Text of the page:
It is tempting to buy a chop saw or sliding miter saw, but I think it's not really necessary if you have a decent circular saw and use a "speed square" to cut to length. Cut a bit long and clean it up on the table saw. I have settled in on a Freud 10 inch, full kerf (1/8 th thick) Glue Line blade. This thing is the best general purpose blade I've used. Baby butt smooth cuts.

Router. Impossible to beat the Bosch 1617 EVSPK router kit. It comes with both bases you need, and the best customer service in the business. They also have an inexpensive under table mount for it. I suggest as a first project, I suggest you look up a youtube video on making your own router table top. It's not very complicated. You will need a router mounting plate (aluminum is best). I suggest making it in two layers, 3/4 on the bottom, 1/2 on the top. Cut the opening for the plate in the top, and a smaller opening on the bottom layer. Leave about a half inch lip. You level the plate with screws coming up from underneath, or with levelers you can get from Kreg.

I have a big 14 inch Laguna band saw, but really don't use it all that often, but my little WEN with a 72 inch blade is my go to for lots of little jobs. It comes as a table top or with legs. It is identical to the more expensive Rikon. Same with their drill press

The 18 things pdf goes into a lot more detail, but among your very first purchases should be a sawdust collection unit. Sawdust, especially the ultra fine particles, once they get in your lungs, stay there. I have settled in on the units made by Harbor Freight, which are often on sale pretty darn cheap. But to make it work properly, you need a Super Dust Deputy, which is a "cyclone" that spins the sawdust around so it falls into a bucket. You'll need hoses to make it work, and the cloth filter is useless. If you use the cloth filter, roll the unit outside. The cyclone is called a chip collector, but it catches almost all the sawdust so the filter doesn't fill up fast. Here's a picture of my setup with a 1 micron filter on top of the DC unit. I put it in a small separate area so the noise is less. Very easy to run a pipe through the wall, with a power plug, and with an on/off switch outside. Here's a picture of a simple version. and of my setup.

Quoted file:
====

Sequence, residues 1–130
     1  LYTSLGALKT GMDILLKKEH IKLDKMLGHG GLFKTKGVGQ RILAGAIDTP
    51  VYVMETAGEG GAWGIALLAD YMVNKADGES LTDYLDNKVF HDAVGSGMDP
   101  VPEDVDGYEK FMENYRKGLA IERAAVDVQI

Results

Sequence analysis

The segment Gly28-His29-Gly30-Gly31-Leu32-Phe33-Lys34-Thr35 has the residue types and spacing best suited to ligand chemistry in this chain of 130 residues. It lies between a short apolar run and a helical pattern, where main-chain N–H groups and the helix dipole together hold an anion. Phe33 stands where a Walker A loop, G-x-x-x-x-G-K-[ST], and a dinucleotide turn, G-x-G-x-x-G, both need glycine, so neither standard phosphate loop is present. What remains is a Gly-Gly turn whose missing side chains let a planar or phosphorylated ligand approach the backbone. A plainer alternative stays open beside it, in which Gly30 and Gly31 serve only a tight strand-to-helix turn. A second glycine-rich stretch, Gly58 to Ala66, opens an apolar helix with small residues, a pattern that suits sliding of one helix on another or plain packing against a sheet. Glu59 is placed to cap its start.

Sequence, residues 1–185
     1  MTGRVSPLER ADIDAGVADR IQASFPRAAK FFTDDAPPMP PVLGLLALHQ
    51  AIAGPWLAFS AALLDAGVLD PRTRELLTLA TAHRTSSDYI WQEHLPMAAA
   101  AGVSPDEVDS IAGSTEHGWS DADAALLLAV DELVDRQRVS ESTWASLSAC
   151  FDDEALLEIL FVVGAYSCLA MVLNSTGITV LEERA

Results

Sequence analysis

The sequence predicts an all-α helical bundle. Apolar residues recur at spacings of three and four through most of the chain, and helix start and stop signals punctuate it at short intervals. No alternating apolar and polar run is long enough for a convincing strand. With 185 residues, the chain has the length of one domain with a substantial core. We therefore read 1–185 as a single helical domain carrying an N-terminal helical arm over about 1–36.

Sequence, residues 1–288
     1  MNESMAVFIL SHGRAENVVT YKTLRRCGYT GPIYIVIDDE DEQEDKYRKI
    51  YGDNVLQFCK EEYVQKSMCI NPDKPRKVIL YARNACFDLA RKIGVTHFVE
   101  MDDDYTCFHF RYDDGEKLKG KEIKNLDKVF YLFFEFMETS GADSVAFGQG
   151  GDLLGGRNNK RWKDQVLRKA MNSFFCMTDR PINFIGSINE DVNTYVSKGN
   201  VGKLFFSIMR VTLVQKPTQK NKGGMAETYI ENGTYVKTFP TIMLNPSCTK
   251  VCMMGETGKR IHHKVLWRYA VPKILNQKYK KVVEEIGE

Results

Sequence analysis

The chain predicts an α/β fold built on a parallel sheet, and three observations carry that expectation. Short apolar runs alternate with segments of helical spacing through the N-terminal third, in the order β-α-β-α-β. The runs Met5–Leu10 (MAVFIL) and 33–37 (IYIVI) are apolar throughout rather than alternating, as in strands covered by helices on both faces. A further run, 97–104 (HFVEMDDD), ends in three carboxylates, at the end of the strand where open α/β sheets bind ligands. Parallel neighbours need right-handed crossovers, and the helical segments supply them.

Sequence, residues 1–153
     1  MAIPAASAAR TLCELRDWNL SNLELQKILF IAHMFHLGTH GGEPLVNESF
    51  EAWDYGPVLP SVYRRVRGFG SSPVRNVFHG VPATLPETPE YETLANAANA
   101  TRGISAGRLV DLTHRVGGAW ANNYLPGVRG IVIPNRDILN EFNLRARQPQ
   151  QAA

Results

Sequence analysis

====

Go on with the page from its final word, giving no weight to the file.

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One other thing you should consider getting right away is a good quality block plane. This is a small hand plane that is wonderful for fixing little problems, "breaking" sharp edges, cleaning up a cut. and uses you'll discover. Another item that is important in woodworking is a top quality set of chisels, and the stuff to sharpen them, which can be half a dozen grits of wet/dry sandpaper and a flat plate glass block. Dull chisels ruin projects and are dangerous. Sharp chisels are a wonderful thing to use.

There is a lot more in the pdf.

I'm now 79 and have health issues, and I've been slowly coming around to selling my gear to someone who will use it. I live in California and you'd need a good size truck with a lift gate and lots of tie downs, but it sounds like you two might just be someone who will put it all to very good use. It's a treasure trove. We used to have a couple who worked together. She made signs and stuff she sold, he did more conventional woodworking. Miss them.
 

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Hi Rob, I spent a few years working for a plastic extrusion company a few years back.
They started of making various extrusion for their caravan (trailer - USA) production line..
 
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Discussion Starter · #6 · (Edited)
Hi Tom,

Sometimes their just isn't enough words to show how much we truly appreciate you taking the time to post and share your valuable experiences with us.
My wife and I read through this together, the added PDF is extremely helpful as well, very informative and straight forward.
We now have a much better understanding of the different types of machines and tools that will certainly help when making decisions on future purchases.

Its funny, about a year or so prior to retiring, my wife and I were just looking at routers, bits, along with the accessories.